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test_project 040000
LICENSE 100644 1 kb
README 100644 4 kb
fortran_dependencies.m4 100644 1 kb 100644 4 kb 100755 2 kb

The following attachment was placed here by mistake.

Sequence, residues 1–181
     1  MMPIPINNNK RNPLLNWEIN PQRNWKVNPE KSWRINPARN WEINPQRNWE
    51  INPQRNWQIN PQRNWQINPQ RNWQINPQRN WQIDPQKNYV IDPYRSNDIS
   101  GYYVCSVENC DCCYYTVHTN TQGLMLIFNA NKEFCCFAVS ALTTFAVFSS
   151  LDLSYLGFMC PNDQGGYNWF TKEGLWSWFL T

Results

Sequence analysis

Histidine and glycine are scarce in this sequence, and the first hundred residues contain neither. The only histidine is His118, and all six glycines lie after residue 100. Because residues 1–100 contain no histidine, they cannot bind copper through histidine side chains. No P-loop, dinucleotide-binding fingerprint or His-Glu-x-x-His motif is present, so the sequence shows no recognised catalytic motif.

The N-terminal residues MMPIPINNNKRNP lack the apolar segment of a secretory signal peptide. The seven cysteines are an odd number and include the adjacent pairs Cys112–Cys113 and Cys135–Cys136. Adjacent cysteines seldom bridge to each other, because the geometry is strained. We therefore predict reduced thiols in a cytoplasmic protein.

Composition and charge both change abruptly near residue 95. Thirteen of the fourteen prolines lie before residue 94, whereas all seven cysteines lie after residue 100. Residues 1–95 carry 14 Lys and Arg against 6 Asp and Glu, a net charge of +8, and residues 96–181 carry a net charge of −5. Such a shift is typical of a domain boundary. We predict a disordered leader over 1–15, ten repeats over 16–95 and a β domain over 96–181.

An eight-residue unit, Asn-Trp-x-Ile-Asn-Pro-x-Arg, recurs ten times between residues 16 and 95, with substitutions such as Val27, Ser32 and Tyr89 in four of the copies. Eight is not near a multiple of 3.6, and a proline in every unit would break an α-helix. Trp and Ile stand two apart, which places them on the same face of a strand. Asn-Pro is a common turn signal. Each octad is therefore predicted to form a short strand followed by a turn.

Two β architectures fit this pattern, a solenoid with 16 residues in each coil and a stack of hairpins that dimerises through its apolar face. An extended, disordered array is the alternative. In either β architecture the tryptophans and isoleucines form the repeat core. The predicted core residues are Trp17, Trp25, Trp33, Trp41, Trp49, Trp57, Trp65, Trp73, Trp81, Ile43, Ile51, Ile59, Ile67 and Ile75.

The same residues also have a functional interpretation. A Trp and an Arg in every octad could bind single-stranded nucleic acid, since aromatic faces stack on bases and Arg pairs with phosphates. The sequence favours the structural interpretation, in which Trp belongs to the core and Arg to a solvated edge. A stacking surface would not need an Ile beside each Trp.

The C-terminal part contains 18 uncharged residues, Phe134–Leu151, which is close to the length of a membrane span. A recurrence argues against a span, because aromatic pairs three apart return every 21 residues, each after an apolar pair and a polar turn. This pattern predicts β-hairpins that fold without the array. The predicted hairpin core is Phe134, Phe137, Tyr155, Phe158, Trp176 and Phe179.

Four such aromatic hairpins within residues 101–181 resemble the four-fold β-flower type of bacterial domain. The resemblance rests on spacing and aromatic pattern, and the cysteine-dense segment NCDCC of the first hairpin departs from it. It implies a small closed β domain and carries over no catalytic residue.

fdep ---- fdep is a small set of scripts to teach autoconf/automake (using GNU make) about the additional dependencies in Fortran 90 files due to modules. With this, Fortran files can be listed in any order in and parallel builds work. Usage ----- Put this project as a directory "fdep" in your source code, place the two lines m4_include([fdep/fortran_dependencies.m4]) FDEP_F90_GNU_MAKE_DEPS in your, and add a single line @FORTRAN_MODULE_DEPS@ in your All .F90 files of all programs in bin_PROGRAMS and all libraries in lib_LTLIBRARIES will now be scanned for modules and the resulting dependencies will be honoured. What is the problem with Fortran 90 modules and make dependencies? ------------------------------------------------------------------ In Fortran 90 source files one can define any number of "modules", containing variable and function definitions. The names of the modules defined in a file can be arbitrary. In another source file these modules can be used, informing the Fortran compiler about the definitions in these modules (e.g. to do type-checking). This creates a problem, as the compiler has to know somehow where the module is defined. The usual solution employed by almost every Fortran compiler is to create special "module" files for each module contained in a source file during compilation. Their file name is derived by a compiler-specific recipe of the modules identifier (usually the lower-cased module's identifier plus ".mod", so "foo_module.mod" and "some_other_module.mod"). When the compiler encounters a "use" statement during the compilation of another file, it confers to this file to import the definitions of the module. That means, you cannot compile files using modules defined in yet un-compiled files, one has to tell make about this dependency. (A primitive solution to this problem is listing the file in a pre-sorted order, so that files defining modules are compiled first. However, that way the dependency-graph make knows about is incomplete and parallel builds will fail with a high probability) How does fdep solve this problem technically? --------------------------------------------- As the name of the module files can be an arbitrary (and some compilers might even save the module definitions in some completely different way), fdep tells make about the module dependencies as a relation directly between object files, e.g. when a file 'b.f90' is using any module of file 'a.f90', fdep adds a dependency of b.o: a.o More specifically, the perl-script is run by make to create a file .fortran_dependencies/, which is then included. To do this, first every source file (for every defined program and library) is scanned for lines with "module" or "use" statements. These are saved in two additional files (.use_mods and .def_mods) per source file and contain lists of defined and required modules. The perl script then reads these in and produces the appropriate rules. Drawbacks --------- GNU make is required. The detailed dependency graph due to "module" and "use" statements is only available after pre-processing, when autoconf and even configure is long over. To still get proper dependencies, fdep uses GNU make's feature to include generated sub-Makefiles during a running make invocation. License ------- fdep is released under the MIT License. See the LICENSE file for details. Contributing ------------ Send your patches or pull-request to